When I wrote the above lines, I wasn't just thinking about Drupal and Acquia, but more recent uncomfortable events within the MODX community. The announcement of the re-branding of MODX Cloud to SiphonLabs startled a few people, to put it mildly. Such announcements in an open source community can create the fear of uncertainty for all parties involved. It takes awhile for open source as a community to respond positively to the changes that new or successful vendors may bring to their community. Most new vendors in open source soon realize that their standing in such communities is ranked not by their company's success but by how much they give or don't give back to their open source community.

I'm a huge fan of Drupal, so from my perspective, there is probably no bigger open source vendor that stands out in my mind than Acquia.  I've covered stories about Acquia since its origin. Over the years, I've been very enthusiastic and eager to see this company grow and prosper. I'm a firm believer that when commercial providers are successful at promoting and supporting open source to their customers then open source communities and the content management industry also prospers. Whether you're a fan of Acquia or not, announcements like this one from Acquia give me hope open source is a good business model for companies to follow.

What I find silly about this week's proprietary versus open source discussion is that I don't think proprietary is the biggest threat to open source. The biggest threat to open source is from within. Open source as a whole needs to do a much better job in preventing the discussion of  Open Source Community versus Open Source Vendor from getting out of hand. Open source must accept the role commercial vendors have in their community or they will soon find their community is financially unsustainable and difficult to be taken seriously. Vendors must also prove to open source that the community is better off with them then without them or as a vendor they are going to have have little influence at the community's leadership table.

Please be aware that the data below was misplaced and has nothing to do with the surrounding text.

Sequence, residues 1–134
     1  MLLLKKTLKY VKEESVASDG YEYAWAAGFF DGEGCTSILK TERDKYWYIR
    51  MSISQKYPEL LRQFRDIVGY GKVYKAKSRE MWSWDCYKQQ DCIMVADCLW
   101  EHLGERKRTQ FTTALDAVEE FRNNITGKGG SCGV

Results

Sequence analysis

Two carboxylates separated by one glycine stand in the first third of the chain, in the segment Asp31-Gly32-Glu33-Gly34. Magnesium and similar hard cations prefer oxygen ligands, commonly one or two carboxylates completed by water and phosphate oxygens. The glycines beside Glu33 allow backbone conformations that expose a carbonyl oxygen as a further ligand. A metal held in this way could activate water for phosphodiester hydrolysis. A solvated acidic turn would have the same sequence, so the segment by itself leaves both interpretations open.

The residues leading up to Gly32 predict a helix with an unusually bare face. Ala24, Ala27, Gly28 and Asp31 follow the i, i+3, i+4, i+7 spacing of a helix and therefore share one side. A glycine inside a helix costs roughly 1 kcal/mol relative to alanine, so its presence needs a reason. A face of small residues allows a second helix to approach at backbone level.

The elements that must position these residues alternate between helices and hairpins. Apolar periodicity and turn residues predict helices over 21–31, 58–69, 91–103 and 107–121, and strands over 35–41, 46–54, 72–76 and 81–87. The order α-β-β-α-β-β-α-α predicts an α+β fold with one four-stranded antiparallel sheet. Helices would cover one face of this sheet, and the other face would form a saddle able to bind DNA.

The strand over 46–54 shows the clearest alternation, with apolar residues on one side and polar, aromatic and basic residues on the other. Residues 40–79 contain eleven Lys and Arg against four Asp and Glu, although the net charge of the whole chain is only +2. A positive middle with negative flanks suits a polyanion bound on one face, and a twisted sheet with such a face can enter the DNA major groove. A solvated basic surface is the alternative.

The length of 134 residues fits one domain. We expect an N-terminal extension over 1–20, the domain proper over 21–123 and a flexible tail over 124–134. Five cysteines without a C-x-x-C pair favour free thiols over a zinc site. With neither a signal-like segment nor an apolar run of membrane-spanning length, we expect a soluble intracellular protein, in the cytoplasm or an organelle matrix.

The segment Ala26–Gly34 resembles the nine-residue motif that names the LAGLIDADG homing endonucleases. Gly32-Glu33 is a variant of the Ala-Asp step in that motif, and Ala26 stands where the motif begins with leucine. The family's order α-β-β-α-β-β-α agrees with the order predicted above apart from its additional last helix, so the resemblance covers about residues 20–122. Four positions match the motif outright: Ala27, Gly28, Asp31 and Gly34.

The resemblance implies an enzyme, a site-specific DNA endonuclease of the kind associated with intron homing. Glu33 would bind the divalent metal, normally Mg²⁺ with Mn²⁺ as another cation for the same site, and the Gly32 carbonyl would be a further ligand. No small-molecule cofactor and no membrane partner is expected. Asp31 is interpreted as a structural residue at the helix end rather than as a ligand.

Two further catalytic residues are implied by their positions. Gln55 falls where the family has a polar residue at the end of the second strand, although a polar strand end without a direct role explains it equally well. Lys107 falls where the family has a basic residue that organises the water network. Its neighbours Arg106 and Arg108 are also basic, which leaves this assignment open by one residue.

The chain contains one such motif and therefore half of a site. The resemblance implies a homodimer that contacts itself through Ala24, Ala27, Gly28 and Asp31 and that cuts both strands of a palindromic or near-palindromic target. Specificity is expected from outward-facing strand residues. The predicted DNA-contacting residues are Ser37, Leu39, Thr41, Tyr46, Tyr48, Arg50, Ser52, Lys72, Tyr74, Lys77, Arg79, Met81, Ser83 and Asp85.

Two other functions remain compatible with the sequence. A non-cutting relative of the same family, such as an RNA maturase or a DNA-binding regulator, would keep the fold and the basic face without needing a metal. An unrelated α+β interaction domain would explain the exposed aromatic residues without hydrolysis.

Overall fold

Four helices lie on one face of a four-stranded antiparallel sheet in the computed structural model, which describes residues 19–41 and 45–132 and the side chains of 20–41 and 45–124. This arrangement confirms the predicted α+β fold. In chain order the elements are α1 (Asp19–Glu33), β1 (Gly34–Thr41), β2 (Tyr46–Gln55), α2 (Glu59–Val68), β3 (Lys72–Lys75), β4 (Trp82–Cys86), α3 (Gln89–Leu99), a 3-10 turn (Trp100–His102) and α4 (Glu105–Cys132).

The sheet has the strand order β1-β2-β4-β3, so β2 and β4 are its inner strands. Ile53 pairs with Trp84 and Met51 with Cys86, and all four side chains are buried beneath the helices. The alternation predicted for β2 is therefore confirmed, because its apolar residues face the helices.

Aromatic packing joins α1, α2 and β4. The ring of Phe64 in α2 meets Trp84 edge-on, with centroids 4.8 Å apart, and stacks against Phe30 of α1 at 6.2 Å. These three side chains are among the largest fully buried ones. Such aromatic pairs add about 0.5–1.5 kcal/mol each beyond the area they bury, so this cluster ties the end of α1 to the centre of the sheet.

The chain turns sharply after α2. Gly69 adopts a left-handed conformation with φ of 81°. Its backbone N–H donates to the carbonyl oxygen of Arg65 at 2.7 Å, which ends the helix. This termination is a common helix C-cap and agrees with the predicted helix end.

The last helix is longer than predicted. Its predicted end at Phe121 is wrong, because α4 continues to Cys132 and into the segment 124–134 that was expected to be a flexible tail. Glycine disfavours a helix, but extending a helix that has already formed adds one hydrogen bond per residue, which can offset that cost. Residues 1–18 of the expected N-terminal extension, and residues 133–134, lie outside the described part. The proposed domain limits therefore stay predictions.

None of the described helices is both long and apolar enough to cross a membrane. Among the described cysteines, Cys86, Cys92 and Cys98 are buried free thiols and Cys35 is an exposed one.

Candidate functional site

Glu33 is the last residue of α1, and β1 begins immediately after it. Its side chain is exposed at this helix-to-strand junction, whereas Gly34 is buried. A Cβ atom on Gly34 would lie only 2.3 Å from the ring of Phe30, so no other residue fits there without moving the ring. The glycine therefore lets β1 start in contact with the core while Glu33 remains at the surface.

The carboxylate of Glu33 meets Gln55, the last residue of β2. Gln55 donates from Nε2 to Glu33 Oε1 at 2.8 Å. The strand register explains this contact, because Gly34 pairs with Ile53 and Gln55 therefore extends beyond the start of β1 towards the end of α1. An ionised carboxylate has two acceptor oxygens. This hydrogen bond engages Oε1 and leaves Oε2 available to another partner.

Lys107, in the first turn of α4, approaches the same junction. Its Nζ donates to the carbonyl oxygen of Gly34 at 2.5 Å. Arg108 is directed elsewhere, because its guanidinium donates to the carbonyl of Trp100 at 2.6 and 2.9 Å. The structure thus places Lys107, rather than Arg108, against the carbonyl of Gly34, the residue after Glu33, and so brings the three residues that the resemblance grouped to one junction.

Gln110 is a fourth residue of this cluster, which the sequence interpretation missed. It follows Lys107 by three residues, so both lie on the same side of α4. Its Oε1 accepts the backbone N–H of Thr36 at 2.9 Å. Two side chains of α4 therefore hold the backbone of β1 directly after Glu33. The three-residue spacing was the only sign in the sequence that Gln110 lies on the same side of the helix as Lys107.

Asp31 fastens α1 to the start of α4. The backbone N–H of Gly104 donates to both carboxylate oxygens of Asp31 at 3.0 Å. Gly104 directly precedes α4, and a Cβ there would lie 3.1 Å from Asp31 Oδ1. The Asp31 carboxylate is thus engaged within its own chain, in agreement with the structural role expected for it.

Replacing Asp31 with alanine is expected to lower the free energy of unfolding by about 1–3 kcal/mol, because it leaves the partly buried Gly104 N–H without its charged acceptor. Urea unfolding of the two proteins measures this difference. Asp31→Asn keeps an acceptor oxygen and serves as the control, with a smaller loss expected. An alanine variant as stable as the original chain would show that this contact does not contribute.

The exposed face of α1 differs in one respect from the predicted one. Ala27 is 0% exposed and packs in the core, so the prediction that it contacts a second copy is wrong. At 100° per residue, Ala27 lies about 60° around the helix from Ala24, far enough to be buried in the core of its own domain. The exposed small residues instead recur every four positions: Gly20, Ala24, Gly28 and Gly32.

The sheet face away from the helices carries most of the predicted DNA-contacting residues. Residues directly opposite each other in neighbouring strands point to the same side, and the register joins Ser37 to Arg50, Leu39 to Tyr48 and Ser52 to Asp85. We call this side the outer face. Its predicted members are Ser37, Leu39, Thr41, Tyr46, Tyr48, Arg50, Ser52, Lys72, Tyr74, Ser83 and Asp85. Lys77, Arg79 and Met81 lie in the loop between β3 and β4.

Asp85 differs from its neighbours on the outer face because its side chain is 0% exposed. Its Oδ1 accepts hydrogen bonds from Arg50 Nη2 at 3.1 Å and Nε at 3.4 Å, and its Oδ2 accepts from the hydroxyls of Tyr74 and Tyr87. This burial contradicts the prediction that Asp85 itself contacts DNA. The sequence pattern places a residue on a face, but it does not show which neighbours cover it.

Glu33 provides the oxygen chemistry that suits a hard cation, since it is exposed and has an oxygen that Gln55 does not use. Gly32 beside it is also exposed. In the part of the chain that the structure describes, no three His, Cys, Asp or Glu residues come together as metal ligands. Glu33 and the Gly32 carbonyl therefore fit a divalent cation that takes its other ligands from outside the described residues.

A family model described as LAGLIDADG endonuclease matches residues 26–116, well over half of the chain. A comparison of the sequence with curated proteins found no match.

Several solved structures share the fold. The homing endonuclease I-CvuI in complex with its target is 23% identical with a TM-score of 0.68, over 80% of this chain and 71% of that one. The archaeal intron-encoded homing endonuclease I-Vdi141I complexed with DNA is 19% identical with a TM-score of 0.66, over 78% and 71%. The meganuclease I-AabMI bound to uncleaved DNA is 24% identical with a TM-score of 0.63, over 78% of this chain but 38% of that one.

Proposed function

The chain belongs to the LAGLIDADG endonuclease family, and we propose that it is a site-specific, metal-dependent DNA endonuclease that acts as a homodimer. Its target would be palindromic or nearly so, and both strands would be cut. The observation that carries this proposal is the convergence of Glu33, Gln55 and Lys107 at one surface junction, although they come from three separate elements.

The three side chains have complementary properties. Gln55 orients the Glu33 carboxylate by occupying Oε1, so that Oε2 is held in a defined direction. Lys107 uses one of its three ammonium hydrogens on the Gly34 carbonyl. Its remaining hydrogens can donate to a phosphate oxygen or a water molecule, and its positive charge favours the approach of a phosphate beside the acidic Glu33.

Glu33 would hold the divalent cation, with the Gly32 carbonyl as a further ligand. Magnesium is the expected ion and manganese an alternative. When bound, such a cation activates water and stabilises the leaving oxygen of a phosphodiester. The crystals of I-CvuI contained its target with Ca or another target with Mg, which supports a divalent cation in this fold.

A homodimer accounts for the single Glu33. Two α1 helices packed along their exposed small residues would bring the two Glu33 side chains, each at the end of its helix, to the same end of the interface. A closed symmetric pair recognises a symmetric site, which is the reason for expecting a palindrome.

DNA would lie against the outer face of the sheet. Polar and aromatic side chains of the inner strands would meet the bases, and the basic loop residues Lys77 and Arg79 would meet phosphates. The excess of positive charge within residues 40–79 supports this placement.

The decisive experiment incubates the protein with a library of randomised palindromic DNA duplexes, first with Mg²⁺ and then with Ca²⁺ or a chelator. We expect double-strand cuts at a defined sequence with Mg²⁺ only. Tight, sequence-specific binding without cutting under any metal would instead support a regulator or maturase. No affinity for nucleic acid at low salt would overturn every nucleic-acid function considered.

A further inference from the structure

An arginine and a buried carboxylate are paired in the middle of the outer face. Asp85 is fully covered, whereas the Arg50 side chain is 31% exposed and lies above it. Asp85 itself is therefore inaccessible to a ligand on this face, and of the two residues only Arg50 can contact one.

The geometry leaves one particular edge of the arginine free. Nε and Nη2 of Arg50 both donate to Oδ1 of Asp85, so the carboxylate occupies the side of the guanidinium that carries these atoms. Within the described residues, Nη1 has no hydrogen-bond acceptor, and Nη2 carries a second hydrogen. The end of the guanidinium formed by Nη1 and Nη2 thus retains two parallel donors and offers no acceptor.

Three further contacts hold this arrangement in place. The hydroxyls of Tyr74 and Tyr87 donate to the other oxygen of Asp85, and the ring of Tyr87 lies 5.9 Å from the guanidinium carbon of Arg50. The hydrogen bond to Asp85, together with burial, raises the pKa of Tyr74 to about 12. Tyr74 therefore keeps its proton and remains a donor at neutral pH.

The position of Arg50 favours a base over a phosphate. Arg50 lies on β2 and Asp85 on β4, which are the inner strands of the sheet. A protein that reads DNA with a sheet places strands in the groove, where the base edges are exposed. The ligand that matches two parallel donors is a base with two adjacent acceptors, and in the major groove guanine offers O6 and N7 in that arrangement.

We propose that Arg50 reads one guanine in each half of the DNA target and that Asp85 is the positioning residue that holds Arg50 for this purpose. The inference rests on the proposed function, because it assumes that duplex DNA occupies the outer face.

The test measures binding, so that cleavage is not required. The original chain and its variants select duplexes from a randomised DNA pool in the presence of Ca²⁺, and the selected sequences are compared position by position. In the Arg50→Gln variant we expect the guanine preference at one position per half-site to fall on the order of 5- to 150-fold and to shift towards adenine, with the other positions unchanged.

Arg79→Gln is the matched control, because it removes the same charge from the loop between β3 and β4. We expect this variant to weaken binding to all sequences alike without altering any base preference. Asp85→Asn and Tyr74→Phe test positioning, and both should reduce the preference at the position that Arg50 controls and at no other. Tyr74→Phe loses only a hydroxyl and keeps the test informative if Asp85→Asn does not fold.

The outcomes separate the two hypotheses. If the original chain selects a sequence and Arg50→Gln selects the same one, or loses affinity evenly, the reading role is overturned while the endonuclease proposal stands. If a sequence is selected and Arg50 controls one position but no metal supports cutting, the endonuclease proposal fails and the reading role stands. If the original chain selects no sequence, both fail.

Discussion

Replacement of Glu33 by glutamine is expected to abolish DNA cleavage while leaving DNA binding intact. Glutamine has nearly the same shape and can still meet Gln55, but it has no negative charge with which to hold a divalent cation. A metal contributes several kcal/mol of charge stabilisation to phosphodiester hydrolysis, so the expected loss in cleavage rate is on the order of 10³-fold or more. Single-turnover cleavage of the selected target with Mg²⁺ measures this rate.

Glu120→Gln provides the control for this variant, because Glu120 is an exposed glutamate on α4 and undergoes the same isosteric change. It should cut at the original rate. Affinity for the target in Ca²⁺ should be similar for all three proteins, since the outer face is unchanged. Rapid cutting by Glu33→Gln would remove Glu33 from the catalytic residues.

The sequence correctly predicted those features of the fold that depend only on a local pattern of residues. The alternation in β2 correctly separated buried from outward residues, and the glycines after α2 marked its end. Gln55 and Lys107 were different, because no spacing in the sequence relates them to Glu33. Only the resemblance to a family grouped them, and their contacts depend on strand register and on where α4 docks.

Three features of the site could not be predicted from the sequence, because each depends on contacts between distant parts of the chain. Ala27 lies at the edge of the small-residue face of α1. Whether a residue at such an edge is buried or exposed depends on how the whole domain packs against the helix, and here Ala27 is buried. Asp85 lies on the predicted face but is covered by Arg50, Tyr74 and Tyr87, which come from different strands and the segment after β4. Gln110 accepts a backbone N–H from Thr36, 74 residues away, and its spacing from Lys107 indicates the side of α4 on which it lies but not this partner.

I've been watching, participating, and writing about open source and open source communities for more than ten years. I've learned some things along the way. There exists good and bad open source communities as well as good and bad open source vendors. Those open source communities and vendors that I would label as good are the ones that almost always welcome new people, new ideas, and new discussion with open arms. These are the open source communities that understand there is no middle ground in the dichotomy of valuing everyone or valuing no one at all. 

Above all else "good" open source never takes anyone or anything for granted in what makes open source successful. So this is why I like to hear stories about large successful open source companies like Acquia giving back to the Drupal community. This is why I like to read about communities such as MODX working through their growing pains optimistic that as new vendors arrive the MODX community still has a future of its own to chart. This has been a good week for open source and me. My belief continues to be validated that Drupal and MODX are two of the "good" ones in open source that business needs to get to know better. An a CMS enthusiast and an open source advocate, I can't think of a better week then the one we had this week.

 Whether you're a fan of Acquia or not, announcements like this one from Acquia give me hope open source is a good business model for one to follow.


 Whether you're a fan of Acquia or not, announcements like this one from Acquia give me hope open source is a good business model for one to follow.